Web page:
The charming couple seated next to me made these comments after the Washington Shakespeare Company’s production of “In the Summer House”:
She: “Mothers and daughters, what a tangled, complicated bond.”
He: “You said it. A lot of the woman-to-woman stuff flew right over my head.”
That pretty much sums up the mixed emotions you feel watching the 1953 cult classic by Jane Bowles, who is unfortunately better known as the wife of Paul (“The Sheltering Sky”) Bowles. “In the Summer House” is her only drama, a fragmented memory play that is at once tragic and acerbically witty.
The production, under the careful direction of Steven Scott Mazzola, does an admirable job piecing together the disparate parts of Miss Bowles’ eccentric, expressionistic vision. The play has enormous gaps of logic and time. Since the audience has to take such audacious leaps, Mr. Mazzola keeps the onstage action clean and simple.
Thank heavens for that, since it would be easy to get lost, much in the same way the character Molly (Sarah Gitenstein) loses herself amid the thick foliage of the summer house of the title.
The play explores the smothering relationships between three sets of mothers and daughters in a Southern California seaside town in the early 1950s. Gertrude Eastman Cuevas (Maura McGinn) is a snotty, contrary, middle-aged woman. Out of boredom, she has pared her life to two things — sitting on her porch and looking at the ocean and berating her awkward, lame daughter, Molly. The daughter is the twin sister of Laura in “A Glass Menagerie,” a painfully shy and deluded young woman dominated by her strong-willed mother.
“Why don’t you go inside and freshen up — it might sharpen your wits,” is just one in a long line of zingers uttered by Gertrude to her hapless child.
Gertrude has decided to take in boarders. Her first is Vivian Constable (Jeanne Dillon), an alarmingly lively girl who never met a bandwagon she didn’t want to leap on. She comes to the house to escape her doting mother (Annie Houston), who has taken a suite at the hotel next door so she can keep tabs on Vivian. The third set of mother-daughters consists of Mrs. Lopez (Lucinda Hart-Gonzalez), the lively and chatty sister of Gertrude’s suitor, Mr. Solares (Daniel Mont). Mrs. Lopez lovingly pats and grooms her teen-age daughter, Federica (Toni Rae Brotons), and appears to have the healthiest relationship in the bunch. Federica is a younger version of her mother. She is coddled and happy to grow up in a family teeming with relatives, noise and spats that quickly blow over.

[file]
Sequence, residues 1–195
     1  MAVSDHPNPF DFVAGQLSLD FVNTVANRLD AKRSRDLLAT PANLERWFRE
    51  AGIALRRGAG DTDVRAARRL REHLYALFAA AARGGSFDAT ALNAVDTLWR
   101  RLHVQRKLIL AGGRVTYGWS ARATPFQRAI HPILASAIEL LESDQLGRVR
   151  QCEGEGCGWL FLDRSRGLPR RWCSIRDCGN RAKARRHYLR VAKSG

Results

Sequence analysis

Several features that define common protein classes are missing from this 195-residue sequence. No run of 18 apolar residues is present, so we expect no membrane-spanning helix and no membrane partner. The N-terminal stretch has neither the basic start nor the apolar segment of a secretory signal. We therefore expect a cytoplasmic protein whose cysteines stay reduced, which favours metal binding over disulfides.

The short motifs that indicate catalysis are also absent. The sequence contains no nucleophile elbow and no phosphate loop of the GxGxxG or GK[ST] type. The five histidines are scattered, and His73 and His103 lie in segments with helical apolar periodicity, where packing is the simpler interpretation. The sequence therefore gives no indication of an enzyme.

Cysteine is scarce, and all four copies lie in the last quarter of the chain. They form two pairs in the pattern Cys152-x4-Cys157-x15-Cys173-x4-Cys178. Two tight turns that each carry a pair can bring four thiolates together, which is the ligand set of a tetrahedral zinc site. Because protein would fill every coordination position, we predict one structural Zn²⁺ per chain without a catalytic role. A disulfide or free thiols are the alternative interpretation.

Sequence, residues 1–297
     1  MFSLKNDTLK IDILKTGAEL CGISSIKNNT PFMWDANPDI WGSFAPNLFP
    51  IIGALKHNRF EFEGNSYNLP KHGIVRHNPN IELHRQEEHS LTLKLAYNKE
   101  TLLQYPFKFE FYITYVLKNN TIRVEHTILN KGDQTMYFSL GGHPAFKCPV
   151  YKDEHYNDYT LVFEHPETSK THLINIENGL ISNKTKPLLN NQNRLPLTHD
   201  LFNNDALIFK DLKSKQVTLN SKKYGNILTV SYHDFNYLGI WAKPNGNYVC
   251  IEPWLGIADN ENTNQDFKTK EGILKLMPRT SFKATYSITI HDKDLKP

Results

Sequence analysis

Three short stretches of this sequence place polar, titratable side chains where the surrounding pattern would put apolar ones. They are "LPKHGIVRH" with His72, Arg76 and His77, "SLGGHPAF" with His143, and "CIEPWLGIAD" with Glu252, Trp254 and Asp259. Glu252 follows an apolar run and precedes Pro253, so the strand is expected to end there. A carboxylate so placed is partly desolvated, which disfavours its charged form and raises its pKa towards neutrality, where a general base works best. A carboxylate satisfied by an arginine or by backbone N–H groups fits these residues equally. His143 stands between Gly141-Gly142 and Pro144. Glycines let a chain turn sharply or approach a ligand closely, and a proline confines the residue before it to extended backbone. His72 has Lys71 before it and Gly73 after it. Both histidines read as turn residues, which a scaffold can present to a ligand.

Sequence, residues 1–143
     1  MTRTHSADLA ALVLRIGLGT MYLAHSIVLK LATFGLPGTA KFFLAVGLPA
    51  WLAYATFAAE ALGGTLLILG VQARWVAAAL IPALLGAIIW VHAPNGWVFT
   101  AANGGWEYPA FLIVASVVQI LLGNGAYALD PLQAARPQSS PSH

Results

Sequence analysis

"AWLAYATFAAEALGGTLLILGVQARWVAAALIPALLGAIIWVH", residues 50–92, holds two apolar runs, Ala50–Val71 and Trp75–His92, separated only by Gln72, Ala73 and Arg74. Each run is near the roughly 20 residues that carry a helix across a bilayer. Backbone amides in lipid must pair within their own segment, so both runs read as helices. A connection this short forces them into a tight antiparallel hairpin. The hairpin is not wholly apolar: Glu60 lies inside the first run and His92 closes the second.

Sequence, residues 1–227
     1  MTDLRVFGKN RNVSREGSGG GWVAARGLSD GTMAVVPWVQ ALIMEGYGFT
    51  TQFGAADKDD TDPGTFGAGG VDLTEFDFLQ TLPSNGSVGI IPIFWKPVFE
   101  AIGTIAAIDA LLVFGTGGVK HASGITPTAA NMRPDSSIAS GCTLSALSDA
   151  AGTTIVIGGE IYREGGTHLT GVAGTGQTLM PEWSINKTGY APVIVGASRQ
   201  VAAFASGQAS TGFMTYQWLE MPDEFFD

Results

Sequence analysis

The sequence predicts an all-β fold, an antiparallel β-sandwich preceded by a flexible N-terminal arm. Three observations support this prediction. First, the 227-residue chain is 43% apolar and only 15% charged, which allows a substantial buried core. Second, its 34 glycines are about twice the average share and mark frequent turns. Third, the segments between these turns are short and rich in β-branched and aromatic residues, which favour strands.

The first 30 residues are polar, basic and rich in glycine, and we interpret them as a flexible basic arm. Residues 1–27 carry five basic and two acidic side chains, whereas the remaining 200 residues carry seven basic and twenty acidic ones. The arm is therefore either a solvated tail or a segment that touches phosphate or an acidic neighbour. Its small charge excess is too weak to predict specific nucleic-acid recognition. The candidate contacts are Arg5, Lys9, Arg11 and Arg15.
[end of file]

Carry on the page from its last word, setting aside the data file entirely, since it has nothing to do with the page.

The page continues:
Things are not so simple among the non-Mexican characters. Molly is as soft and unformed as her mother is steel-spined and resolute. Gertrude views her constant criticism as “helping” her daughter leave the dream world of the summer house and gardens for real life. Instead, it pushes Molly further into herself. Terrified of change, she accepts what is in front of her face as her lot in life. She blithely trades in her mother’s house for a seafood shack called the Lobster Bowl when she drifts into marriage with Lionel (Tim Getman), a young fellow who likes Molly because she listens to half of what he’s saying.
Vivian, on the other hand, is desperate to get away from her mother. Both are high-strung and teetering on the edge of reason. Vivian sees that she is terrifyingly like her mother and is determined not to be so nervous and needy. In the end, her way of escape is extreme and final. But still, Mrs. Constable cannot let her go. The mother haunts the small town in her mourning clothes and drinks herself into smithereens.
The older women are the most interesting characters and the most interestingly acted. Miss Houston is like watching a particularly riveting car wreck as Mrs. Constable. Her demise is so absolute you want to give her some privacy but you just can’t tear your eyes away. Miss McGinn is a neurotic piece of work as Gertrude, someone who believes she is as hard and ambitious as a man and that her cutting words are the honest truth. However, as the play reveals, Gertrude’s Yankee flintiness betrays a clinginess and a bottomless well of despair.
The younger characters are not as well formed. Molly is just a malleable mess. Miss Gitenstein captures the childishness of Molly, but not much else. Miss Dillon is a lively and vivacious presence as Vivian, but playing an ideal is nearly impossible.
While the emotional resonance of Miss Bowles’ play is considerable — her capturing of the maddening, essential relationship between mother and daughter is exquisite — it is not an easy experience. You wonder if the elliptical, enigmatic quality of the scenes is because the play is a memory one, or because it is a gimmick, a response to the masculine, structure-obsessed dramas written by male playwrights in the 1950s.
Another interpretation could be that all the female characters are aspects of the playwright’s psyche and that the play’s action is a way for women to confront and integrate the different parts of themselves.
However you view it, “In the Summer House” is a deeply funny, deeply disturbing play about the competitive, push-me-pull-you dynamics between mother and daughter.
…WHAT: The Washington Shakespeare Company’s production of “In the Summer House”
WHEN: Through Aug. 19, various performance dates
WHERE: 601 S. Clark St., Arlington
TICKETS: $20 to $25
MAXIMUM RATING: FOUR STARS